- The [Vanishing slope sight] is a T-BAR. I was thinking of the “slope” of a line on a graph, not a ski “slope.”
- An [Expert] is a DAB HAND. That’s a completely new term to me. Clearly, I am not a dab hand at vocabulary.
Some of the other fun clues included [Start to dominate?] for PRE (playing off “predominate”), [Tip for an exam taker?] cluing both ERASER and NIB, [Database with openings] for JOB BANK (unfilled jobs are openings), and my local [Puget Sound, e.g.] for ESTUARY.
Jeffrey Wechsler’s Newsday Crossword, “Saturday Stumper”
There’s nothing like the pressure of blogging for a worldwide crossword audience to make you focus like never before. I’m pleased to report that this may well be the first Saturday Stumper I have ever finished. I think I psych myself out on the Stumper. I only try it about once a month, and I usually get about half or two-thirds of the way through before I look for help–usually (gulp) from this blog. This time it was up to me. It was comforting to know that I could access a pdf version of the solution if needed, but I wanted to see if I could tackly Jeffrey Wechsler’s offering without it.
Here’s how the solve went down. I just knew [Made an impression] couldn’t be ETCHED, especially for 1-Across. Sure enough, it’s COPIED. Once I figured that out, the rest of the northwest corner fell pretty quickly, especially after I realized that [It’s all about him] clued EGOTIST. I got some traction in the northeast when one of the puzzle’s three gimmes, [“Much ___ About Nothing” (1996 “Simpsons” episode)], yielded APU. I don’t know why, but I then got SNAG, the [Hindrance], which gave me the GOAT as the [Zodiac beast] (I figured it was either a goat or a lion). XTS and then BOTOX came next, and that was enough to make me feel okay about TAPAS BAR as the [Place for “croquetas”]. Soon came the [Party line?], RSVP NOTE, although that entry feels forced to me. Finally, I guessed TRAUM as German for “dream,” making sense of the clue [Freud’s dream].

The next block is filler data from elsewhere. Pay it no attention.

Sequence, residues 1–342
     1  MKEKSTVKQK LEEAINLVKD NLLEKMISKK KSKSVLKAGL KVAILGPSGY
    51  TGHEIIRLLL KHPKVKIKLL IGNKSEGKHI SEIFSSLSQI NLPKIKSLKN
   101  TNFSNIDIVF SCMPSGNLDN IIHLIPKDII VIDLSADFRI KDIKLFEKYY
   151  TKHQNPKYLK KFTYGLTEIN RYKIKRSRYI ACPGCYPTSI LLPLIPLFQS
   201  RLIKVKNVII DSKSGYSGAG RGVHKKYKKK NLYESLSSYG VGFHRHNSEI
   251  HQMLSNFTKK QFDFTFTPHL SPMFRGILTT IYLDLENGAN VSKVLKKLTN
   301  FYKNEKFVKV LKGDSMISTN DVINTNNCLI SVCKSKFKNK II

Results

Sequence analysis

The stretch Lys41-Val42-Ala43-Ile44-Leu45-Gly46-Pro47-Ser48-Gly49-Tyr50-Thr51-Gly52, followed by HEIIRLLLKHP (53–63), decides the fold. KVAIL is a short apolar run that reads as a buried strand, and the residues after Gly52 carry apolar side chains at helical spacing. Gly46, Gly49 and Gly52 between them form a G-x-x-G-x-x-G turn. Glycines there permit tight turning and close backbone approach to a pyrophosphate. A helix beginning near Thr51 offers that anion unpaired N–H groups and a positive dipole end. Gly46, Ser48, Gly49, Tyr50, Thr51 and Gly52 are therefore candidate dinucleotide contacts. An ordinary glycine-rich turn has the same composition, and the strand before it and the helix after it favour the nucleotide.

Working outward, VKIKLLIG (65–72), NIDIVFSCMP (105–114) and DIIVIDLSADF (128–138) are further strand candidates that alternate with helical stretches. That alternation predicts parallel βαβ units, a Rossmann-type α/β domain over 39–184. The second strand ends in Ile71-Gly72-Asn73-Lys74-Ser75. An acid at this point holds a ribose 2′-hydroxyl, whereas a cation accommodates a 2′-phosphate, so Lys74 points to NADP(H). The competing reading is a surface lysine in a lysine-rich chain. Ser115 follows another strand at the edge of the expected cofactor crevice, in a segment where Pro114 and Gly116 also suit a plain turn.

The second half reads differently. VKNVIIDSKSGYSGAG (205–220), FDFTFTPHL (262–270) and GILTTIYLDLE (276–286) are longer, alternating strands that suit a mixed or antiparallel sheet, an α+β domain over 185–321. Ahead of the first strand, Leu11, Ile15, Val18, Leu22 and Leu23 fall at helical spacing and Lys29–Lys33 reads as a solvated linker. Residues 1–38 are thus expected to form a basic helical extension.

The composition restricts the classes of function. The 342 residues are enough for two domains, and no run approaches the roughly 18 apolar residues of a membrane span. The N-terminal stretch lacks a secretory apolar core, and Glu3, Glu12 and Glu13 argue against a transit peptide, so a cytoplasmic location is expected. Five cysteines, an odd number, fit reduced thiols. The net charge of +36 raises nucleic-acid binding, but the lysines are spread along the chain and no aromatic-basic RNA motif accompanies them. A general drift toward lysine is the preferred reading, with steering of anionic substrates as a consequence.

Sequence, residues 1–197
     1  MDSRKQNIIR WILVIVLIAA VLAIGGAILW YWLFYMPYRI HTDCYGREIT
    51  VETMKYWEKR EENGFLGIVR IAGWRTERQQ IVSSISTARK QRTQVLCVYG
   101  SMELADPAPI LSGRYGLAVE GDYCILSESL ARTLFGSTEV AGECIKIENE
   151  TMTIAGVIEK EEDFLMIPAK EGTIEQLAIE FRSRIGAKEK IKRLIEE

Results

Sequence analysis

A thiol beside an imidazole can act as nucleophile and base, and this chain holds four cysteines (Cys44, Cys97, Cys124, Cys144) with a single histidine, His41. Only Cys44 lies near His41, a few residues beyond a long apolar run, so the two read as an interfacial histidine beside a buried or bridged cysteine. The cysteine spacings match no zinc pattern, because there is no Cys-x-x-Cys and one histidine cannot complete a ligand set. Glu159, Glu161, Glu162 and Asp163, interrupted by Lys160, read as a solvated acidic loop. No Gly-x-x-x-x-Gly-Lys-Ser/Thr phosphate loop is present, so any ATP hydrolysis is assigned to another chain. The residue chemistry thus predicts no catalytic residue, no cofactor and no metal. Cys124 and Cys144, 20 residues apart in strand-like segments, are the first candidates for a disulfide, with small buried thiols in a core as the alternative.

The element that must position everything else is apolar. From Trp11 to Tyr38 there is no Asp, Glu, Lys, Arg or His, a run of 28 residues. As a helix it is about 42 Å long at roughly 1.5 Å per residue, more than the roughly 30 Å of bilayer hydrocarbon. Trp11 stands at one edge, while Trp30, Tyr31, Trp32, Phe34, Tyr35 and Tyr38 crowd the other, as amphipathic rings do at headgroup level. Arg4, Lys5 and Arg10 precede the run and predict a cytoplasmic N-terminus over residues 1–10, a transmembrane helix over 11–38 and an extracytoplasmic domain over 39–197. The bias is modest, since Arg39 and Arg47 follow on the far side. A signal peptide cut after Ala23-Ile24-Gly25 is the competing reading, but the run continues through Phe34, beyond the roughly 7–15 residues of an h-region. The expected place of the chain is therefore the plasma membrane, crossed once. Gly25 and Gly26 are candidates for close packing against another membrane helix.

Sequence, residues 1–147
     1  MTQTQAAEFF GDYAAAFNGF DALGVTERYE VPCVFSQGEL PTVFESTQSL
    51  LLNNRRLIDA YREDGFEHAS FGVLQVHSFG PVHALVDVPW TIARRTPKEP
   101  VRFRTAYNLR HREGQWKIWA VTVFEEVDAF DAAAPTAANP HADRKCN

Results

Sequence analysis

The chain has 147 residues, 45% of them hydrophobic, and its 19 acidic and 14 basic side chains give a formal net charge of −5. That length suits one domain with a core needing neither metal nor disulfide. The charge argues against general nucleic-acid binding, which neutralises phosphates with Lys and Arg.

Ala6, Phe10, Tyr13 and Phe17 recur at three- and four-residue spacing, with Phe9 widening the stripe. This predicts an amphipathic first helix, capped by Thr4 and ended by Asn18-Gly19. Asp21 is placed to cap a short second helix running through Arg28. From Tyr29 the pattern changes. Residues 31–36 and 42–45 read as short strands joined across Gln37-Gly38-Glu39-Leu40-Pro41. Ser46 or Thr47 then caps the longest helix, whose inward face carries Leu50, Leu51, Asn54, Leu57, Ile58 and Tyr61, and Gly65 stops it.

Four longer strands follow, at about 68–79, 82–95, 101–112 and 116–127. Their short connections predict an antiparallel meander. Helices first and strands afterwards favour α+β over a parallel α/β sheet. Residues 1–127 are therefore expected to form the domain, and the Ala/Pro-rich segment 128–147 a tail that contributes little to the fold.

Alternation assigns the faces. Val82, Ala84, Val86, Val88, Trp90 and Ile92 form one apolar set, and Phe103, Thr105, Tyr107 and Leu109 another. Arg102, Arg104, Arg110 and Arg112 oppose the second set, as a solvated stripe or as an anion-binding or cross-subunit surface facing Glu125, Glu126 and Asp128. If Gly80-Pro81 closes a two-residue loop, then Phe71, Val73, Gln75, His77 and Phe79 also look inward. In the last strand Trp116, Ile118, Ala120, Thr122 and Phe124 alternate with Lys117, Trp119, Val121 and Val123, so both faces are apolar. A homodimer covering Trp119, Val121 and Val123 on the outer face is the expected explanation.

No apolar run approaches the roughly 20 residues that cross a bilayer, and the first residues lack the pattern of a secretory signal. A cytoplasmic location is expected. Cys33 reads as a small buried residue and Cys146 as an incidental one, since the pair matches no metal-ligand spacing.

My break into the grid’s center came from [Unenlightening], or AS CLEAR AS MUD. A lucky guess that [Small unit] was SQUAD (thanks to the nearby gimme partial SO TO [Speak]) and the inference that [Women, quaintly] was something ending in SEX gave me the [North American rodents], FOX SQUIRRELS. With the two long downs now completed, I could figure out that [PSA, e.g.], or “public service announcement,” was a RADIO SPOT. From there came RAZES, and the helpful Z led quickly to JOAN BAEZ, the [Singer at Woodstock]. Joan crossed the partial A NOD, and that was enough to tell me that the answer to [Like most bananas] was SEEDLESS. Yes, “slippery” would seem to fit there, too, but I knew it had to end with the double-S.
So with two from the triple-stack in place, the southwest should have fallen quickly. And yet it didn’t. I finally took a flyer on JUJUS as the [Magic charms], and that gave me UNDOABLE, clued as [Like most Stumpers]. No, wait, it was clued as [Only theoretical]. Pretty soon I had ULLA as [“The Producers” secretary]. I figured that had to be right (and it turned out it was), but I didn’t exactly have the greatest confidence in the answer.